Coping with parenting when your children are split between two households and two parents, and in some cases, partners and grandparents, is difficult.  You need patience and a good dollop of kindness and understanding to manage your children.  You also need to have a commitment to consistency between parents.  Setting boundaries and keeping disciplinary measures in place will make life easier for everyone all round, including the children.

Here are some tips that will help you along the way:

  • Try to keep the same rules in place that were followed before the separation. If your kids weren’t allowed to watch television after 6pm don’t suddenly decide that it is OK for them to do that. When kids are feeling like their world is changing, they need to have some sameness in their daily routine.  Maintaining household rules and standards can give them a sense of stability.

 

  •  If you have a less than cordial relationship with your ex try to enlist the help of a 3rd party to discuss discipline for the children.  To have consistency across both homes will be a great help to you both, no matter how hard that is to achieve.

 

  •  No matter how hard it is, for your children’s sake, don’t reverse each other’s decisions.  It will only confuse your children.   And don’t say yes when you had agreed to say no.

 

  •  Most of all – don’t discuss your personal views of the other parent with your child and never try to turn your children against the other parent. Remember, this person is still your child’s father or mother and they deserve the right to have their relationship with them untarnished by your views.  In years to come they will be able to make up their own mind, but for now, hold your tongue. No matter how hurt or angry you are, keep your opinions to yourself and spend some time venting with a close friend, not your children.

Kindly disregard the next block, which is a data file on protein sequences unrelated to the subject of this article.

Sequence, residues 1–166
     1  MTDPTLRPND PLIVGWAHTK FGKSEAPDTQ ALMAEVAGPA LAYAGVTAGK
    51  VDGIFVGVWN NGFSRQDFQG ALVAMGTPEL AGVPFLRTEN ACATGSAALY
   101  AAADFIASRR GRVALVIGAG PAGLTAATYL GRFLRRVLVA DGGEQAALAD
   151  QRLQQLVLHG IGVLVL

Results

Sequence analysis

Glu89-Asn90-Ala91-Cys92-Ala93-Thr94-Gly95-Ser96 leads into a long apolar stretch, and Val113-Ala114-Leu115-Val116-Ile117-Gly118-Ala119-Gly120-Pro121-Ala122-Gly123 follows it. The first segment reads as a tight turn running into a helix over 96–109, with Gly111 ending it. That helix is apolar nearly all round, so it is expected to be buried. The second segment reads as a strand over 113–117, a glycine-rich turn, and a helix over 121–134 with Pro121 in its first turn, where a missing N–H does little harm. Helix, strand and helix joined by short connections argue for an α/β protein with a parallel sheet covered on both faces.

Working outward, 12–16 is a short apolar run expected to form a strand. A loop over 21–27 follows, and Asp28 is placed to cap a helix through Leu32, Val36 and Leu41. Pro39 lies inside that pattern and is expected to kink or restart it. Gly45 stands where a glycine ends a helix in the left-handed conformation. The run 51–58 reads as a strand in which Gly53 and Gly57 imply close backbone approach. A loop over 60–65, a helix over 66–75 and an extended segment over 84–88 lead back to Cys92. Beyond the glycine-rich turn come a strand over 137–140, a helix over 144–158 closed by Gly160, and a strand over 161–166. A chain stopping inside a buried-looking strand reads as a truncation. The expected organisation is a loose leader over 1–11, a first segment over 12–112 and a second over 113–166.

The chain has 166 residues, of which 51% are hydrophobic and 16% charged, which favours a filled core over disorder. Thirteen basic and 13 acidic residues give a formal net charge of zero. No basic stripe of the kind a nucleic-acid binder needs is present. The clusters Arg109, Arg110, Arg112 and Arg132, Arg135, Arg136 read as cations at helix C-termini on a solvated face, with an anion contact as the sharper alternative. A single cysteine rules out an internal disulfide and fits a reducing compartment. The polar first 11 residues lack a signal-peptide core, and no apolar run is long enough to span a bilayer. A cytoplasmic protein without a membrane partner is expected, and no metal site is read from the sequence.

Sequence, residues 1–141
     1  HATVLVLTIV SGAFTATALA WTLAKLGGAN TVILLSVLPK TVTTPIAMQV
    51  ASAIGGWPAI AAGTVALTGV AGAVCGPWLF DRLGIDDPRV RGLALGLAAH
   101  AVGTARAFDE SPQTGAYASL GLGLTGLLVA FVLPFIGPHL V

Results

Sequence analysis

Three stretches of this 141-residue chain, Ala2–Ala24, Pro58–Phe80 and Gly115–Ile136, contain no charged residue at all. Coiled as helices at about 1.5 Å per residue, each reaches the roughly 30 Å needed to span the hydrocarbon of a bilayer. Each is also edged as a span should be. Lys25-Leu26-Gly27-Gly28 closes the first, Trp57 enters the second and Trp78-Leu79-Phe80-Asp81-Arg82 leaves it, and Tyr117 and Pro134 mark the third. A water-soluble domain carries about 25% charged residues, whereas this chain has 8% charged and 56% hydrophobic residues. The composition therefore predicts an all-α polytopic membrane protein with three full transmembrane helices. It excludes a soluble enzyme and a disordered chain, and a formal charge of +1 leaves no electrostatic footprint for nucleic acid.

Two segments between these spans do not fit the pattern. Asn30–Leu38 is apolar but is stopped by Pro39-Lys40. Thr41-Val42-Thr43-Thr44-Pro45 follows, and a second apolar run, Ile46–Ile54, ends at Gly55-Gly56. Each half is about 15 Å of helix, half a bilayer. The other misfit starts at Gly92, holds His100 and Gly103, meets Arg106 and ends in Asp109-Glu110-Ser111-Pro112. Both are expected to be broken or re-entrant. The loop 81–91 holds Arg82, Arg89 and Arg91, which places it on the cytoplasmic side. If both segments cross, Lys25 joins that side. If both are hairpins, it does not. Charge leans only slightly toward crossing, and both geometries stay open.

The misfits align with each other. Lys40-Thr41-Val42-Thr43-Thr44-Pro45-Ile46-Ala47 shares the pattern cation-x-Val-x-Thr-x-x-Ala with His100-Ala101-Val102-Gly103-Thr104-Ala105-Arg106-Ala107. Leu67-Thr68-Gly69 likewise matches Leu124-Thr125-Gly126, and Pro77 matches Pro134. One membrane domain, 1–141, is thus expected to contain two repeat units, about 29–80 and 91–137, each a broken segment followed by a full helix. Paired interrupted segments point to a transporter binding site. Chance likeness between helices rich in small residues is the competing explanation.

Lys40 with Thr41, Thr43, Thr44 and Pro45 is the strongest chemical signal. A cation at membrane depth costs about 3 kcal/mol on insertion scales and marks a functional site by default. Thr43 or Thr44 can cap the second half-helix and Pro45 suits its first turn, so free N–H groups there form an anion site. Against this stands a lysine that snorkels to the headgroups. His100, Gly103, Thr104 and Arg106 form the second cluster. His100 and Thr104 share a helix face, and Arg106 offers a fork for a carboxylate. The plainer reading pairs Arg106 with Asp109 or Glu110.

•  Living between two houses can be tough.  Try to achieve a routine that kids can feel comfortable with which will help make them feel secure, and help them manage the division of clothes and other personal items at home and school so they never have the added stress of being without something as it’s at ‘the other parents house’.

It can be a difficult and awkward time transitioning to a two-parent lifestyle but a good result can be achieved. Above all keep talking with your children about how they are feeling and what they are experiencing.

For more information on how you can separate and divorce with or without court please contact our office  – 9620 0088

 

Family Reports: What You Need To Know

by Resolve Conflict on October 9, 2019

Family Reports What You Need To Know - Resolve Conflict Family LawyersIf you are involved in a parenting dispute and the matter is being heard by the Family Law Courts, chances are you will need to participate in a Court ordered Family Report process.

Under the Family Law Act the Courts have the power to commission experts (Family Consultants) to independently assess and report on the issues surrounding your parental dispute, this then is used to assist the Court in making a decision about your child/ren’s best interests in resolving the matter.

What Is A Family Report?

A family report will often be ordered if the Court believes it will help with the process of determining a child’s best interests.

Written by a family consultant appointed by the Court, the Family Report provides an independent assessment of the issues in the case and can help the judge hearing the case to make decisions about arrangements for the child/ren. It may also help the parties reach an agreement.